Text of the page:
Harrowing presidential outcome awaits recount in Fla.

In a surprising turn of events that capped a dramatic night of ups and downs for the presidential campaigns of Republican presidential nominee George W. Bush and Democratic presidential nominee Al Gore, the national television networks this morning retracted their call of the race in favor of Bush, prompting Gore to retract a concession of defeat he had earlier offered his foe.

The fog of presidential campaign war centered on Florida, which the networks first called for Gore, then said was too close to call, then gave to Bush, and then gave to no one- as Bush's lead in the state early today shrank to just over 600 votes with 99.9 percent of the votes tallied, according to the Florida secretary of state's office.

Although Gore overtook Bush in nationwide popular vote totals and held a narrow lead early today, it appeared certain that the winner of Florida's 25 electoral votes would take the election. A recount in the state will likely begin today, Florida Attorney General Bob Butterworth indicated this morning.

Until the Florida count is official, Gore will not conceed the race, according to Gore's campaign chairman, William Daley. "This race is simply to close to call," Daley told newly revived Gore supporters early this morning in Nashville. "Until the recount is concluded and the results in Florida become official, our campaign continues."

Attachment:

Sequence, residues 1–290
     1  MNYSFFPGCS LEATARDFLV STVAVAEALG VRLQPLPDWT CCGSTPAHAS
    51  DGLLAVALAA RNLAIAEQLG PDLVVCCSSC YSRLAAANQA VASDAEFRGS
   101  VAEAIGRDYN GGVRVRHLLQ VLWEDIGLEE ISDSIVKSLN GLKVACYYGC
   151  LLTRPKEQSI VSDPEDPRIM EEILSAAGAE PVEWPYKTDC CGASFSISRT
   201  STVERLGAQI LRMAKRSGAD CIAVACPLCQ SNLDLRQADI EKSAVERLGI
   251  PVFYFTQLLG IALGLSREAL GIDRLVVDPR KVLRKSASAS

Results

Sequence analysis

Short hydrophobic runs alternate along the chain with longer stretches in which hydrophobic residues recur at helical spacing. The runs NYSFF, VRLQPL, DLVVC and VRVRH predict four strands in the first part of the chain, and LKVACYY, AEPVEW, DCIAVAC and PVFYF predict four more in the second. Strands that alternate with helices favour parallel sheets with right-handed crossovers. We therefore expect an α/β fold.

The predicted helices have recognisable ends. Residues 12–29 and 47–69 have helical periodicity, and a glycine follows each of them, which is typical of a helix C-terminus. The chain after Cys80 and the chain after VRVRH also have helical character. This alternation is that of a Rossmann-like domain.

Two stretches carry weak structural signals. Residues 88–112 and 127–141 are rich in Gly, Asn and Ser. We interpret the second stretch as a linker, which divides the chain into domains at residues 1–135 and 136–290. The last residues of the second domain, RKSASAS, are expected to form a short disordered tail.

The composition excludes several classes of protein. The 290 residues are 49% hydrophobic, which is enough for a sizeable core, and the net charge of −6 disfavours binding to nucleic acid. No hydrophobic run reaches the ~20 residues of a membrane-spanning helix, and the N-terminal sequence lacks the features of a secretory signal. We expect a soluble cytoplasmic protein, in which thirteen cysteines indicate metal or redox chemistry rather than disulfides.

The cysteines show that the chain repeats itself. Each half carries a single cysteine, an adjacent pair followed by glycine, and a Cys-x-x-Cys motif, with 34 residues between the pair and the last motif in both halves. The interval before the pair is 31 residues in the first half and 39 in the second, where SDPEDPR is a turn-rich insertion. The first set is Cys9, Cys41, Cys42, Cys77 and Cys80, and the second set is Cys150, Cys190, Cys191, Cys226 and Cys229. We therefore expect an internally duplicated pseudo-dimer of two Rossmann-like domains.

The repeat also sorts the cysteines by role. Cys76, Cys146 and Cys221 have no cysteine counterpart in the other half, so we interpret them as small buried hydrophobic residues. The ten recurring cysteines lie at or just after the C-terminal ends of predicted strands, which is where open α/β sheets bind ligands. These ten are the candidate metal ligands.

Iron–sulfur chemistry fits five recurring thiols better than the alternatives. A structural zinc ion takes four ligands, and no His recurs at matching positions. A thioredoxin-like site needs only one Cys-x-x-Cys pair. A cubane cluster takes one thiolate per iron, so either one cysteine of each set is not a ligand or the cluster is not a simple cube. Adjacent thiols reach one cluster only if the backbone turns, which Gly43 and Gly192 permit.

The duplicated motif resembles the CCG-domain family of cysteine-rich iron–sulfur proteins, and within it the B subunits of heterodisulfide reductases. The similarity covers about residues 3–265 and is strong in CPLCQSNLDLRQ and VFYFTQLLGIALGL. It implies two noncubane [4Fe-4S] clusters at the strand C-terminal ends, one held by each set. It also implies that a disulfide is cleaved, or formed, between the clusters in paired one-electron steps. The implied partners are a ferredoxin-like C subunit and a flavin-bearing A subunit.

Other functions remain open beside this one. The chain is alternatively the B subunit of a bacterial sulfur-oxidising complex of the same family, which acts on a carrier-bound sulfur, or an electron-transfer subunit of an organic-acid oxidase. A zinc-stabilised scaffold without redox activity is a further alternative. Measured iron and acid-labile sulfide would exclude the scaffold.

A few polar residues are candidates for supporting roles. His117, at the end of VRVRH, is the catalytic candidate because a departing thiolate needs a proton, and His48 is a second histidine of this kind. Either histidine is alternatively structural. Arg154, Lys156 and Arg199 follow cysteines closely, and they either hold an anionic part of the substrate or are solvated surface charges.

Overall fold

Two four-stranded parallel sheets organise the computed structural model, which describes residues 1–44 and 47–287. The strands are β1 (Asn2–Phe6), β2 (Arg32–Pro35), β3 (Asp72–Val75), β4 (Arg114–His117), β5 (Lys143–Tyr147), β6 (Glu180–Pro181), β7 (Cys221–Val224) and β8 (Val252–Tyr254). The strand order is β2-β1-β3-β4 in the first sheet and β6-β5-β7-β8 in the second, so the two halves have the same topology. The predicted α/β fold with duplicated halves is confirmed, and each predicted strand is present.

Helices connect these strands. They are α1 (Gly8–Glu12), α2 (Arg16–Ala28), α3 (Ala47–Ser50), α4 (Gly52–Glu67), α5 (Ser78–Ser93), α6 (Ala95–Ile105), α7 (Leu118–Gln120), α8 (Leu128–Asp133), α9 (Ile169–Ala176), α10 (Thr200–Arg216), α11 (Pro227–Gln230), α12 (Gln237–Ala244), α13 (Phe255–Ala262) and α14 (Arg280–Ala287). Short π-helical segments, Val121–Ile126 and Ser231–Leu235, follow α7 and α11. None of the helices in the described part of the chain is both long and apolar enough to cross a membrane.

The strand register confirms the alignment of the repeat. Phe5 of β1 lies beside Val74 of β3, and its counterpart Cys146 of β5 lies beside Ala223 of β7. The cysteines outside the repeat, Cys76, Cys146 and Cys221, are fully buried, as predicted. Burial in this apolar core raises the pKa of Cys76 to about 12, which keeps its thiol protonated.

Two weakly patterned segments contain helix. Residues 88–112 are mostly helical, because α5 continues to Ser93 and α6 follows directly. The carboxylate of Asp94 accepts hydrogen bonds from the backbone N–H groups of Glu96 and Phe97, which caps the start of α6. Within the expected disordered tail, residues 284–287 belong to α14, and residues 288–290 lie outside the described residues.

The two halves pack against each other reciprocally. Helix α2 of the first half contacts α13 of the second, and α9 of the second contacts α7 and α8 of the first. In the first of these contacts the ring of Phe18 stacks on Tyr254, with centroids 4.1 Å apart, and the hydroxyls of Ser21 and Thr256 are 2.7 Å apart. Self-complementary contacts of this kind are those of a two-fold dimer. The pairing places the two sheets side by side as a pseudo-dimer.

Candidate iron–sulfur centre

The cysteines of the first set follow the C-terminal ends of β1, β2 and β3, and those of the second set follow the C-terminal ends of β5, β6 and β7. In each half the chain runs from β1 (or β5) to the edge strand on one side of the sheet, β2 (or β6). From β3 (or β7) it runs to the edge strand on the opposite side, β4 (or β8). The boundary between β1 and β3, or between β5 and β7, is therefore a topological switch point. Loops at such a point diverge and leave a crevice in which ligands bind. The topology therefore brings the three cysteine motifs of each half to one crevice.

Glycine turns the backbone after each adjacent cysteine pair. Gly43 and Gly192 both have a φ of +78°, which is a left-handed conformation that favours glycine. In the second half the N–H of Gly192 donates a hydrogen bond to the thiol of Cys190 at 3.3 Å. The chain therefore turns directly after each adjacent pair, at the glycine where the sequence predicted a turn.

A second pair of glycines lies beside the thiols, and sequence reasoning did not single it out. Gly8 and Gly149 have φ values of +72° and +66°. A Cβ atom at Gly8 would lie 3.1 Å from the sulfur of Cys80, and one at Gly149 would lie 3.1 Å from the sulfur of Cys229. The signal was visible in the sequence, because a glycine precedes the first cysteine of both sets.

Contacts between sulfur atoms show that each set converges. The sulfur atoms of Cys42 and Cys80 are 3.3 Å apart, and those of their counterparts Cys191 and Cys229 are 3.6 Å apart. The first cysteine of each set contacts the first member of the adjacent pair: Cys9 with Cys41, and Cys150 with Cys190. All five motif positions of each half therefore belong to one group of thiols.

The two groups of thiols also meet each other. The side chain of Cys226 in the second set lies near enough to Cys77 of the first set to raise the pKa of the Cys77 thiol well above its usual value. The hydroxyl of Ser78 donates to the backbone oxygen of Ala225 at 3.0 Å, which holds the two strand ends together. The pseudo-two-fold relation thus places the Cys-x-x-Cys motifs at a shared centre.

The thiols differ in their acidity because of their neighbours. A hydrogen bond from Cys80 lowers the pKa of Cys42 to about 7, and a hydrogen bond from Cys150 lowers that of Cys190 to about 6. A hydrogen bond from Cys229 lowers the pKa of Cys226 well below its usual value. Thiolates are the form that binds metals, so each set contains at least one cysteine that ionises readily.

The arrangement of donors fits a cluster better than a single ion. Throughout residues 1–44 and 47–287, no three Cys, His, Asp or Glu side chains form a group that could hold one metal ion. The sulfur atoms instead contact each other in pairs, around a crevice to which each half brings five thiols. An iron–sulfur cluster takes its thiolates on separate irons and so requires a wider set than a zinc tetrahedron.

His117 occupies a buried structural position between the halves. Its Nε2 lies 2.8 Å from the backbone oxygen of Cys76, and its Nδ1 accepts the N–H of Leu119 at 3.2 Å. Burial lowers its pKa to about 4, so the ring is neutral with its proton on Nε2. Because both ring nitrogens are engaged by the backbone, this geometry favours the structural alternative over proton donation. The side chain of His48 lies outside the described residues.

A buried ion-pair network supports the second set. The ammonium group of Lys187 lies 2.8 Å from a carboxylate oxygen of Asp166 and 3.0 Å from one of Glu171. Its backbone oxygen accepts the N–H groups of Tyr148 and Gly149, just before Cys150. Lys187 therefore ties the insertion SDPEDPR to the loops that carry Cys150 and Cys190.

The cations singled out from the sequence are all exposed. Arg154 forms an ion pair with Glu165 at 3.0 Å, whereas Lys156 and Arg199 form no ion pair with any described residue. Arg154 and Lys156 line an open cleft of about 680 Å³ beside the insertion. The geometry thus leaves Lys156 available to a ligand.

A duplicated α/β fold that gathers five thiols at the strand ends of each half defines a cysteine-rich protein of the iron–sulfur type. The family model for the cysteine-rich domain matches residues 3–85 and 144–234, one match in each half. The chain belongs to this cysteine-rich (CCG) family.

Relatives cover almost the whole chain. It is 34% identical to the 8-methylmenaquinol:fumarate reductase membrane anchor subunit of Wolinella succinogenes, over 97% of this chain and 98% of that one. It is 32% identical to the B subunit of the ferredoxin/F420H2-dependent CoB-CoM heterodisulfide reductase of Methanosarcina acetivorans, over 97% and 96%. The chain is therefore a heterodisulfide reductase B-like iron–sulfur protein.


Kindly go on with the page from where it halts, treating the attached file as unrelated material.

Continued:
Soon afterward, the Bush campaign's national finance chairman, Don Evans, emerged before Bush partisans in Austin, Texas, to indirectly acknowledge that victory remained elusive. "We hope and believe we have elected the next president of the United States," Evans said. "I'm confident when it's all said and done we will prevail."

Butterworth did not say how long the recount would take, although he said it "should be done in a really short period of time."

Butterworth vowed that the job would be done fairly and that observers from both sides would be invited to oversee the effort. After the networks called Florida for Bush Tuesday evening, Gore telephoned the governor to concede. But after his advisers urged him to hold off, the vice president soon was on the phone again telling Bush that their contest was not yet done.